Brig. Gen. Frederick A. Henry’s long and storied military career has taken him across the U.S. and Europe, but he’s never forgotten the lessons he learned as an undergraduate at Fitchburg State.
He grew up in an inner city environment in Cambridge, where by his own admission he wasn’t a strong student.
“I constantly went off the reservation,” Gen. Henry recalled. “I would always go on another path.”
As a teen, Gen. Henry was a part of the Upward Bound program, where he was encouraged to try attending Fitchburg State; if the experience didn’t work out, he was told, he could consider joining the Navy.
Fitchburg State would prove a transformative experience.
Fitchburg State helps students realize their full potential
“When I came through here I said, ‘I think I can make it here,’” he recalled. “Fitchburg did something for me. I was able to demonstrate my potential.”
While in college, Gen. Henry became involved with numerous student activities and was able to prove himself as a leader.
It was also Gen. Henry’s presence in Fitchburg that led to another life-changing event. One day as he was on his way to the local grocery store to apply for a summer job, he saw a poster promoting ROTC. Henry was faced with the option of bagging groceries for the summer or joining ROTC; he chose the latter, and the experience instilled new and vital skills in the college student. “It began to foster leadership tactics within me that I never knew existed,” he said.
After five years, Gen. Henry graduated from Fitchburg State and was commissioned as a 2nd Lieutenant in the Chemical Corps. It was at this stage that Gen. Henry learned numerous valuable life lessons. A higher-ranking officer told him he would only achieve a certain rank, along with giving him a negative remark on his efficiency report.
Hard work and a good attitude go a long way
“I’m going to give you this report to make you work harder,” Gen. Henry was told. It was this statement that resonated with the young captain and inspired him to work hard and strive for more. “I had to learn if I was going to demonstrate my abilities. The only way I had to overcome what he told me was to work hard and have a good attitude.”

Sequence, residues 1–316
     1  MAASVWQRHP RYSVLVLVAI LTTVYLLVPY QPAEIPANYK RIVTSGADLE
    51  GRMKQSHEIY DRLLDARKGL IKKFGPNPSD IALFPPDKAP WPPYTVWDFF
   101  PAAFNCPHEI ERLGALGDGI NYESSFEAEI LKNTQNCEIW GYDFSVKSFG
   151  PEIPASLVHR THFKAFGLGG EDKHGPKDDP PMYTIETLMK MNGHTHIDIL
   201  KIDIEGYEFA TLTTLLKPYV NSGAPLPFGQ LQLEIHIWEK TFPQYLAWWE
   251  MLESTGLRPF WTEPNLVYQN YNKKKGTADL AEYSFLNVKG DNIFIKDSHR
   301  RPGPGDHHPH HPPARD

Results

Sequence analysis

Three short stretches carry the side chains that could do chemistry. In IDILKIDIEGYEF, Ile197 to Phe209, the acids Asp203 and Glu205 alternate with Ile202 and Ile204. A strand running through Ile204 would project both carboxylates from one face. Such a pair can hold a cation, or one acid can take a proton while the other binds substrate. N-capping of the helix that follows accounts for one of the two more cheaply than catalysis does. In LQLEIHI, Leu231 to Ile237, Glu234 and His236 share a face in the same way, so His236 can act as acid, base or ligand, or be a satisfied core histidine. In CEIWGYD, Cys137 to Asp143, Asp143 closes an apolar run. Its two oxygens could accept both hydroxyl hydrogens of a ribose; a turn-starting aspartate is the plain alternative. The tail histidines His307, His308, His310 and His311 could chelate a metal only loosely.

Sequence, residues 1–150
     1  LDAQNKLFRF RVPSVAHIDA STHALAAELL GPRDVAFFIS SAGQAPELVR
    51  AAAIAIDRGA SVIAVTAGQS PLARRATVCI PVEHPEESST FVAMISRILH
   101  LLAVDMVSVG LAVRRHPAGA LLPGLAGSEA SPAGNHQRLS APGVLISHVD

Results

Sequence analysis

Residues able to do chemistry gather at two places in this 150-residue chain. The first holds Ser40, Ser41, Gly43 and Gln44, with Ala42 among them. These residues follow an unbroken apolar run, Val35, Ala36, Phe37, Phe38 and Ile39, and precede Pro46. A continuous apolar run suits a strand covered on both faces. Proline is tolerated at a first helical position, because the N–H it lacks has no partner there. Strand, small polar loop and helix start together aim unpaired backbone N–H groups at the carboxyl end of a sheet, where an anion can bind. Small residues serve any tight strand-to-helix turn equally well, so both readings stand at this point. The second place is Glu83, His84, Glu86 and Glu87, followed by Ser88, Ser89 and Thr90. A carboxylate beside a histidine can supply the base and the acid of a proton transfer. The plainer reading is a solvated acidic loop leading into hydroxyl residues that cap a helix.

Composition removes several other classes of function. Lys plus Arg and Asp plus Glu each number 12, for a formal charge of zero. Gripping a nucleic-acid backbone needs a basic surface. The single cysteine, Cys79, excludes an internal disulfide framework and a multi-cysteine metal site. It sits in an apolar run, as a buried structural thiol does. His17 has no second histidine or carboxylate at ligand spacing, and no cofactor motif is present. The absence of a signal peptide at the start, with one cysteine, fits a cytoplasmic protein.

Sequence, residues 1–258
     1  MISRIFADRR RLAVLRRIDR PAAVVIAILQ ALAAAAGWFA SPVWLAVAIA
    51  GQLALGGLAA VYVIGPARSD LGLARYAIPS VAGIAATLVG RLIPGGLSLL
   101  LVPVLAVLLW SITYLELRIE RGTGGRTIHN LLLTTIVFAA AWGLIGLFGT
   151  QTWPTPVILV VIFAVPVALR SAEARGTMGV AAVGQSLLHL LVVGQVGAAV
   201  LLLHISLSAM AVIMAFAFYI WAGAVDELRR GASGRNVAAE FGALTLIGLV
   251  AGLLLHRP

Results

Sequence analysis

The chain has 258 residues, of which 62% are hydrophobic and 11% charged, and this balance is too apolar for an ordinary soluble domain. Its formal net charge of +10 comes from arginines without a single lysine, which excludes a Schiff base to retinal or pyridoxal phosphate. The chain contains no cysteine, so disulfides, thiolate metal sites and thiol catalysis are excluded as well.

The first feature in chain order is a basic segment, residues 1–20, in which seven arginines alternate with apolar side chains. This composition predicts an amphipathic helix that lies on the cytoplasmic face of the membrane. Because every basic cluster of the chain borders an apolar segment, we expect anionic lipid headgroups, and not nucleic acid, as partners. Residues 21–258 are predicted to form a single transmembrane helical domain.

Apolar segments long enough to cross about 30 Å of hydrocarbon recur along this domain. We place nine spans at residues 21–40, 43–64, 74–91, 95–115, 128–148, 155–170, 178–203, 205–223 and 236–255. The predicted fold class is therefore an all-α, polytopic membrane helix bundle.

With a positive mindset and rigorous work ethic now in place, Gen. Henry ultimately surpassed that officer’s rank. He credits his time at Fitchburg State for his ever-climbing experience in the military and for setting him on the right path in life. “Because of what I found here at Fitchburg, it gave me purpose, it gave me foundations, it gave me a work ethic,” said the General. “What I learned as a general I learned as a captain; what I learned as a captain I can attribute to Fitchburg. I don’t think I would’ve gotten there had it not been for my experience at Fitchburg.”
His military career has included working in the Joint Operations Center in support of NATO operations in Bosnia-Herzegovnia and serving as operations officer at bases in Germany. After attending the Joint Forces Staff College in 2001, Gen. Henry served as a mission commander in support of the Chemical Weapons Convention Treaty on-site inspection verification program. On November 18, 2011, he was promoted to brigadier general. Following his assignment as deputy commanding general at the U.S. Army Network Enterprise Technology Command, he was assigned to the Defense Information Systems Agency, Fort Meade, Md., where he currently serves as the Agency Chief of Staff.
"Don't let others define who you are..."
In addition to sincere pride for his former university and emphasizing the value of a strong work ethic, Gen. Henry also shared some wise words with the students. “It’s your attitude in life, not necessarily your aptitude, that will determine your altitude,” he said. “Attitude shapes your character and how people see you as a person.”
He also expressed how important it is for young people to not let others suppress their abilities. “Don’t let anyone define who you are and what your potential is going to be,” he advised.
Gen. Henry was welcomed back to campus last fall where he was presented the Alumni Achievement Award. He also took time to meet with current students to recount his own journey and the lessons it taught him.
“I will always be able to cherish what I learned at Fitchburg,” said Gen. Henry. “It was the best decision I ever could have made.”